The Indiana Supreme Court has suspended from practice a Chicago attorney who misrepresented his abilities to a client and was convicted of battery against his wife.
In the disciplinary case of In the Matter of: Narles W. Coleman, 98S00-1301-DI-52, a client was charged with Class C felony child molestation and, shortly thereafter, received a letter from attorney Narles Coleman seeking to represent the client for a “reasonable fee.” According to the Indiana Supreme Court’s per curiam opinion issued Tuesday, Coleman falsely told the client he was associated with The Cochran Firm of Johnnie Cochran fame.
In reality, Coleman had minimal experience in criminal law and no experience in child molesting cases, the unanimous court wrote. The client paid Coleman part of a flat fee of $4,000, but then began having trouble communicating with Coleman. The attorney failed to appear at a pretrial conference, deceived the client into signing a new fee agreement for $200 an hour, and agreed to a plea agreement without consulting his client, even though the client had previously said he would not enter a plea agreement and, thus, refused to sign.
After the client fired him, Coleman did not withdraw his representation or forward a copy of the case file to the client’s new counsel until a show cause proceeding was initiated against him. After the criminal charge was eventually dismissed, Coleman sent the client a bill for more than $9,000, predicated on the new fee agreement and filed a civil suit to collect the money.
Further, Coleman sought to collect additional money for time spent and expenses incurred in connection with withdrawing from the case and filing the civil suit. At a deposition of a witness that Coleman named, he failed to reveal that the witness was his wife.
Then in October 2012, Coleman was charged with felony and misdemeanor counts of domestic battery stemming from allegations that he hit his wife in the presence of four children. He was convicted of Class A misdemeanor domestic battery in July 2013 and the Indiana Supreme Court Disciplinary Commission filed a complaint against him one year later.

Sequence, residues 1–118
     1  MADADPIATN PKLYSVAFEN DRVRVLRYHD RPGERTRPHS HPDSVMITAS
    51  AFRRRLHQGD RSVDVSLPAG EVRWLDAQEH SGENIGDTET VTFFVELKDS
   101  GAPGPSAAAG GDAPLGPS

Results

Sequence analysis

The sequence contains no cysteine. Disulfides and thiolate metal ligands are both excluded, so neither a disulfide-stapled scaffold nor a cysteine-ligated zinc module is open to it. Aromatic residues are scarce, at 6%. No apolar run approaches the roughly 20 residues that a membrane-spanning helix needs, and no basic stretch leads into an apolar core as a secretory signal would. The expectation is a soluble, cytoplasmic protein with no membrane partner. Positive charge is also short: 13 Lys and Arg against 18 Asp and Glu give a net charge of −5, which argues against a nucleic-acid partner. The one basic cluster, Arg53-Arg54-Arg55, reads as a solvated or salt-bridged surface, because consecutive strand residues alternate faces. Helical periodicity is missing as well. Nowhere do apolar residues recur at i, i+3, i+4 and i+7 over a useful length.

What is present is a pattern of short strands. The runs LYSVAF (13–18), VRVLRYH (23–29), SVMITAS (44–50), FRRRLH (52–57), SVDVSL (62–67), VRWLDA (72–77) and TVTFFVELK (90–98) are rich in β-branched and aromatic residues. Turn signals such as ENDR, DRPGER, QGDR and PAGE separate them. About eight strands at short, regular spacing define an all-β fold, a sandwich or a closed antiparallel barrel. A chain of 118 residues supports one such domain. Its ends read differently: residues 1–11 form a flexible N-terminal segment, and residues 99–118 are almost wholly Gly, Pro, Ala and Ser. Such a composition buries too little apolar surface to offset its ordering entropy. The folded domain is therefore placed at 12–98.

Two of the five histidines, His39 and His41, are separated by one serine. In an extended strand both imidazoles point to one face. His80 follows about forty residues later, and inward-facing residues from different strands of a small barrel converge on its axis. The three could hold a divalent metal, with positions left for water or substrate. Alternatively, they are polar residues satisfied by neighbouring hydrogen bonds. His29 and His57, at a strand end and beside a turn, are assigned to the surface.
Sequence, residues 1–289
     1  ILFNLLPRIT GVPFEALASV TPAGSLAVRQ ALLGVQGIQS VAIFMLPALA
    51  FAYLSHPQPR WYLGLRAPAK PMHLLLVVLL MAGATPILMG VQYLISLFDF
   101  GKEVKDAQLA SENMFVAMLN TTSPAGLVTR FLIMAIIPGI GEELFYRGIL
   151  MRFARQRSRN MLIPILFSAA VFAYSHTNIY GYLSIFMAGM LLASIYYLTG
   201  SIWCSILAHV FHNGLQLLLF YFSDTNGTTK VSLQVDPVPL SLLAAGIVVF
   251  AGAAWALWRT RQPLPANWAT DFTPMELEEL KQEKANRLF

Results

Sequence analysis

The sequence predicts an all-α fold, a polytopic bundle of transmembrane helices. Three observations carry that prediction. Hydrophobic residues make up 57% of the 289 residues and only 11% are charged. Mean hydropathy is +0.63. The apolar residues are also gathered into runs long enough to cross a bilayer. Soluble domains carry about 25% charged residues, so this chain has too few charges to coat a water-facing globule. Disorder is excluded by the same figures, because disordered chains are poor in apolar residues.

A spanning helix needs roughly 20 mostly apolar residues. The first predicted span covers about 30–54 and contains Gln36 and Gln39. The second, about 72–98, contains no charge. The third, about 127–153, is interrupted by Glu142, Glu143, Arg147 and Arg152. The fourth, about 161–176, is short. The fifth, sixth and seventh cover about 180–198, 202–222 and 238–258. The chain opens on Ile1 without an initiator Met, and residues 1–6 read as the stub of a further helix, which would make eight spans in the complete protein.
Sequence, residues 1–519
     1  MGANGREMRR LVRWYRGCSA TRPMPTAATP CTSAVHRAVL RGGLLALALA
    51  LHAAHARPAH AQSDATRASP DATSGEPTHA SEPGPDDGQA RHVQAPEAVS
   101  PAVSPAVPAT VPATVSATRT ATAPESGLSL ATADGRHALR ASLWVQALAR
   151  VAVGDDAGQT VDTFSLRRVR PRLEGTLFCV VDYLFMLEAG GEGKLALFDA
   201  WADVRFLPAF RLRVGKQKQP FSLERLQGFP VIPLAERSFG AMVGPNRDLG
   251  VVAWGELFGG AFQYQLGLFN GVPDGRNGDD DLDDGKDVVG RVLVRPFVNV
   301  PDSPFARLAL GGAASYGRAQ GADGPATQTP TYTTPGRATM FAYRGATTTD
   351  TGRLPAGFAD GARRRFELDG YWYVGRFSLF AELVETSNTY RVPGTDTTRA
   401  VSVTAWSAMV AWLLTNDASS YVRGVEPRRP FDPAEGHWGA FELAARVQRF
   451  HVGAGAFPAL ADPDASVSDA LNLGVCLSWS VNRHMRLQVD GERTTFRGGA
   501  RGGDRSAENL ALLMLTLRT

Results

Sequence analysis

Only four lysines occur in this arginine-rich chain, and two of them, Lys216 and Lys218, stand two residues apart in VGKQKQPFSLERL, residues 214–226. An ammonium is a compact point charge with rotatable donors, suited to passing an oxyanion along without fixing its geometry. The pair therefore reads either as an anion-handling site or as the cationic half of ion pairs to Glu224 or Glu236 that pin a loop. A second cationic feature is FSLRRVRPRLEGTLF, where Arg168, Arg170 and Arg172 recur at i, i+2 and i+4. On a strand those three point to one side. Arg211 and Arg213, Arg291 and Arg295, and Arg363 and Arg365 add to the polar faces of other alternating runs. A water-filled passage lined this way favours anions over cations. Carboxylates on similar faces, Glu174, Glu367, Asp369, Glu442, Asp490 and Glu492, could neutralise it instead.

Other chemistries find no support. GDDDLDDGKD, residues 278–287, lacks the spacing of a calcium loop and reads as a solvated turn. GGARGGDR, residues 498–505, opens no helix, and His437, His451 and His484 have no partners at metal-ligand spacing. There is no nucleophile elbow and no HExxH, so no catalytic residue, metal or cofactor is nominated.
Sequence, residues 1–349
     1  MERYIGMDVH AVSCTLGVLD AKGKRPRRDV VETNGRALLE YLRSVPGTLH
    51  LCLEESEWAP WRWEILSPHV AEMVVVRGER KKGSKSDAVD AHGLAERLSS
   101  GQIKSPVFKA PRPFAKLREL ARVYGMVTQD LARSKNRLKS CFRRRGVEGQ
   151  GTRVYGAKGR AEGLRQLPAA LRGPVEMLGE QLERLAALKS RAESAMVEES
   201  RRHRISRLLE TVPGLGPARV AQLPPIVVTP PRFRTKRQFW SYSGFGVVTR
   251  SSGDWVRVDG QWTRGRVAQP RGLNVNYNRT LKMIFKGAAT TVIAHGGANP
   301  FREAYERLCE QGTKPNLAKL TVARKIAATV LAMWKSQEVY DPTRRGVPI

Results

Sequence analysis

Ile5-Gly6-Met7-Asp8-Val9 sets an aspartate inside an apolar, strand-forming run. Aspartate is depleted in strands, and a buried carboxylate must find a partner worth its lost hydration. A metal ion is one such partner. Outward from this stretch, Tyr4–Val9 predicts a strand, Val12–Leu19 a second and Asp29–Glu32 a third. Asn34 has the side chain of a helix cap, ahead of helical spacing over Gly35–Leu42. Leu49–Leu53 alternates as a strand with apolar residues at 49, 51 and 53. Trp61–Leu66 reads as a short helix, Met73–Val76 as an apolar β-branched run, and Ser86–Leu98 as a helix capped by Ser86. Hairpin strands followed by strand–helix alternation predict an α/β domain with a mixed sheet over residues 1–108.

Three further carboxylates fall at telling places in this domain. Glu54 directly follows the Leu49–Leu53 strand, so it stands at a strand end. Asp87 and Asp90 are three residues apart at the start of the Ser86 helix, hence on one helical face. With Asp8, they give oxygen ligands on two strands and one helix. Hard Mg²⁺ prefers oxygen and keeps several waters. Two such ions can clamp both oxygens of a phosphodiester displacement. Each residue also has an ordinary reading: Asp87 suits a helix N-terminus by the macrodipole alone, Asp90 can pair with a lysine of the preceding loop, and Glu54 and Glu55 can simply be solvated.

After a hearing officer’s report was filed in September 2016, the Indiana Supreme Court found Tuesday that Coleman was in violation of 20 Indiana Professional Conduct Rules, including failing to provide competent representation; making an agreement for, charging, or collecting an unreasonable fee; and engaging in conduct prejudicial to the administration of justice.
Although Coleman’s misconduct was mostly limited to the client’s case, the court found that such misconduct was “wide-ranging, pervasive, retaliatory, and deceptive at multiple junctures.”
“Respondent’s systemic malfeasance in connection with his representation of Client, his criminal conduct, and his less-than-effective self–representation during most of these disciplinary proceedings reflect exceedingly poorly on his fitness to practice law,” the court wrote in its per curiam opinion.
The court noted that Coleman is already under an order of suspension for dues nonpayment and failing to fulfill CLE requirements. His misconduct led to an additional two-year suspension without automatic reinstatement. In order to be reinstated, Coleman must prove his remorse, rehabilitation and fitness to practice. The costs of the proceedings are assessed against him.